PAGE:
I live and work in a small town (population 10,000). I’ve been in the same home for 22 years. In that time, I have seen only three primary health providers. One was at our Community Health Clinic, one was at a big Health Maintenance Organization (HMO) and my current PCP belongs to a family practice that has ties to our local hospital. I also happen to live close by to three major medical centers. When I say close by, I mean within an hour or two of where I live. But I am lucky enough to have a small hospital in my hometown, just three miles away from my house. That brings quite a bit of reassurance with it, since I am getting older and I have personal health issues that need attention.
Small hospitals, however, are going the way of the dinosaur. It just costs too much to keep them open! Our small hospital has a long and storied history in our community. Back in the early 1920’s, a local physician got some friends to open their home and the hospital officially opened with two beds for women giving birth. Twenty years later, the hospital had grown into a 21-bed facility.
California passed a law in 1945 allowing district hospitals to levy taxes. This made financing the hospital much easier and more predictable. The whole town shared in the costs rather than just relying solely on the patient. Our town quickly got on the bandwagon and elected a board and formed a hospital district.
In the early 1950s, as the town expanded, a new location for the hospital was sought. Through the largesse of one of the leading citizens, land was donated and building began on what we now have, albeit in an updated and modernized facility. Original cost estimate for that 1952 hospital that had 35 beds and every modern convenience was $400,000. But even back then, local tax payers were reluctant to fund health care. It took a lot of hand-shaking, back slapping, luncheons, dinners, and special events to convince residents that their money would be well spent. And in 1957 doors opened and folks began receiving care.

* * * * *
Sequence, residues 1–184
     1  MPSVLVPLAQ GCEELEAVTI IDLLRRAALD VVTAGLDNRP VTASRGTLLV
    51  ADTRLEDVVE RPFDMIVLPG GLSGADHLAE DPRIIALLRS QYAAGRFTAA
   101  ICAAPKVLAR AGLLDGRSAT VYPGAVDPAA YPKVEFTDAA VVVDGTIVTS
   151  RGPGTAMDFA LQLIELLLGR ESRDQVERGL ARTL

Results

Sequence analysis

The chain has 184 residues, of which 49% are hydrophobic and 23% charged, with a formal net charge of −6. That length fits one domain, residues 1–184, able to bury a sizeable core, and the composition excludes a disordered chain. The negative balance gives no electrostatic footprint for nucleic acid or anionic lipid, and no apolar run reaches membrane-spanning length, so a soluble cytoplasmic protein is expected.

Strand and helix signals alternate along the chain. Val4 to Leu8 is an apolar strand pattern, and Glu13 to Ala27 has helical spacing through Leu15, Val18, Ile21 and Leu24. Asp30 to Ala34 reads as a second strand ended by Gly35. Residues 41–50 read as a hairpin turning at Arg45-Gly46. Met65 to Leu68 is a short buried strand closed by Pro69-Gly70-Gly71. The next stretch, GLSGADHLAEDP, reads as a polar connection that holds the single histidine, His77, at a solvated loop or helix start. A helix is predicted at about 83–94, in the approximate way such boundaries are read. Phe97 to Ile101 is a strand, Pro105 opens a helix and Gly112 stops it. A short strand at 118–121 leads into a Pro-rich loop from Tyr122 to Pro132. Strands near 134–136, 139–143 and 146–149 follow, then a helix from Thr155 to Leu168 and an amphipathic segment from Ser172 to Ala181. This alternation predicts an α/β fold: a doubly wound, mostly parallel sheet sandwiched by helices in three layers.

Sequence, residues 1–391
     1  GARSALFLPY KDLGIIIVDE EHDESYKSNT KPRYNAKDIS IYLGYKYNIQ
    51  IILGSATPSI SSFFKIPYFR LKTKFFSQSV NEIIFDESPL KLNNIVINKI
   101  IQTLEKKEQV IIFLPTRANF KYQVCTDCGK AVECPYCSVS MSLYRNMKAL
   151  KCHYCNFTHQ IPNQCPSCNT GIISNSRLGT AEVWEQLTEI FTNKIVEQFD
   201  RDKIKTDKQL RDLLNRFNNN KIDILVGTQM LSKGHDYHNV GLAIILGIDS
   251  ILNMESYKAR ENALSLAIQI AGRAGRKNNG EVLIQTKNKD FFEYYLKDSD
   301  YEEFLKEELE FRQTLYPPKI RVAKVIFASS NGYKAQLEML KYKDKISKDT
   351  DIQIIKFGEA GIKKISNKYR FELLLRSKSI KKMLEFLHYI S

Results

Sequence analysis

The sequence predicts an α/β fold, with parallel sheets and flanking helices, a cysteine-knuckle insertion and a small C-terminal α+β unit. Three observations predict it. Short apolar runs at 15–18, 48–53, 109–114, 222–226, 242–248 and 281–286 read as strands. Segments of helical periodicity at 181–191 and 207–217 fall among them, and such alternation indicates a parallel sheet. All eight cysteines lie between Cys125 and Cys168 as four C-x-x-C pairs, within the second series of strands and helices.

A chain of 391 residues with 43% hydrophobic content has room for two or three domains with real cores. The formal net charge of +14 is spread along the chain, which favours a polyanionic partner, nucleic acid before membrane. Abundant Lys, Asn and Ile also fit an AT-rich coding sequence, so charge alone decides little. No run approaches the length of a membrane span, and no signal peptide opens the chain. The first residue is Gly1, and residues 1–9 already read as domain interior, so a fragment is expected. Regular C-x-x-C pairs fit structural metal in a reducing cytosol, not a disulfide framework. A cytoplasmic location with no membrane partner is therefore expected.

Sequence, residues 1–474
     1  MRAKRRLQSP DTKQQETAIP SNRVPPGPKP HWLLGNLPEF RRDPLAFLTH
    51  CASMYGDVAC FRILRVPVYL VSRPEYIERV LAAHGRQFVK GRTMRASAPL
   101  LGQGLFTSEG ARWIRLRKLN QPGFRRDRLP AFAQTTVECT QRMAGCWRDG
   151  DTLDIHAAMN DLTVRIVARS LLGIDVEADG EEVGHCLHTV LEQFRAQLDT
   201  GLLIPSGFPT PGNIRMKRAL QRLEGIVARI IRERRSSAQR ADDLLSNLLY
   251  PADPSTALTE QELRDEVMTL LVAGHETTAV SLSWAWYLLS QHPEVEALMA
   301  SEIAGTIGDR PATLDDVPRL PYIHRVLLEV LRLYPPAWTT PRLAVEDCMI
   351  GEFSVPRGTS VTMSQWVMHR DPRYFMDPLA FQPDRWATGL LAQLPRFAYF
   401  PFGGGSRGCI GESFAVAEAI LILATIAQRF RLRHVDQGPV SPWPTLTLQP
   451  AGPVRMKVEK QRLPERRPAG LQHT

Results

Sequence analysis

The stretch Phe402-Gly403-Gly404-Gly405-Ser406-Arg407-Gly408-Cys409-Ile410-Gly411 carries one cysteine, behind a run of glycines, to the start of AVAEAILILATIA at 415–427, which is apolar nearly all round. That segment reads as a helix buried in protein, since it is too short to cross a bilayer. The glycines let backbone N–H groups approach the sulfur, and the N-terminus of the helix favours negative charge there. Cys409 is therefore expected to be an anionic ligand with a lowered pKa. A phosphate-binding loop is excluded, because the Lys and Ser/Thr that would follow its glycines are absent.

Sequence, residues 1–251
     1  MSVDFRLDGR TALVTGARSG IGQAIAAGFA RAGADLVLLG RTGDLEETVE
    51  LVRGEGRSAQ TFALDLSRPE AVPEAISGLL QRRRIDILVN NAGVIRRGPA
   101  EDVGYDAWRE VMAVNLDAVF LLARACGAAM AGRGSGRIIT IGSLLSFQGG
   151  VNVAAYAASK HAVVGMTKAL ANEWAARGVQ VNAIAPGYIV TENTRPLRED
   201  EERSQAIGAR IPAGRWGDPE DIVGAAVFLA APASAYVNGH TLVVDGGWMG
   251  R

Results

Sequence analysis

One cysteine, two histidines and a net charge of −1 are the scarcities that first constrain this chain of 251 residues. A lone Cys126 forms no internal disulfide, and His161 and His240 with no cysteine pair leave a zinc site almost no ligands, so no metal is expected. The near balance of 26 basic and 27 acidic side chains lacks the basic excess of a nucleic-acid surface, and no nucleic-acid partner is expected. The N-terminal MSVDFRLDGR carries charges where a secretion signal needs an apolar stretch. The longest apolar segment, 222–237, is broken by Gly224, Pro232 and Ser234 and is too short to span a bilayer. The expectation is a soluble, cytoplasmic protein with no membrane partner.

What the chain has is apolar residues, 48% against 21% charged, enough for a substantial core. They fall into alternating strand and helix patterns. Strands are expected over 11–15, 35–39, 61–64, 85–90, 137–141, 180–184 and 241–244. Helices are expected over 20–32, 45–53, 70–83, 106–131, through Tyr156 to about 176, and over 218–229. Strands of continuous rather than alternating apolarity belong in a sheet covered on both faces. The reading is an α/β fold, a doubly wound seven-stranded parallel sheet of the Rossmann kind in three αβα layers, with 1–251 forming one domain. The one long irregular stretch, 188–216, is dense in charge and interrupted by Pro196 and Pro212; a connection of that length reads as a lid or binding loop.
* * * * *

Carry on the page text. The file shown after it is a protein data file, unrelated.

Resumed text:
Here we are today. We have expenses of over $44 million and losses of over $3 million. Because we are running at deficit, our current Board has decided to close some services. These include obstetrics and gynecology, our Women’s Birth Center, the hospital’s skilled nursing facility, and selling off our in-home care service. At a recent public meeting, proponents for keeping these services open made eloquent and impassioned arguments, but the bottom line is that our community no longer supports or perhaps even needs our hospital. It is a matter of convenience that is too expensive to sustain. And it is just a matter of time before the hospital will close down completely.
Our community is not the only one to experience this dilemma. What used to be an essential service is now an expensive add-on. Many people in my community have access to different kinds of medical care and can go to other hospitals. But there are a good number of folks who would prefer to be able to get their care here. It comes down to how much they are willing to pay for the convenience.
This is where things get very complicated and difficult. You would think you could just look up what it would cost to take out tonsils, come up with a price and then at 10% to cover the costs of the extras and be done with it. But fact of the matter is, there is no single price. Getting your tonsils out at my hospital will cost less than some hospitals, and be more expensive at others. Prices for the surgeon, the anesthesiologist, medications, lights, the nursing staff, support staff, and the housecleaning staff all have their own formulas for calculating fees and costs. Insurance companies may pay some, all, or none of the costs involved. And if it is not covered by insurance, then it will come out of your pocket or some other source.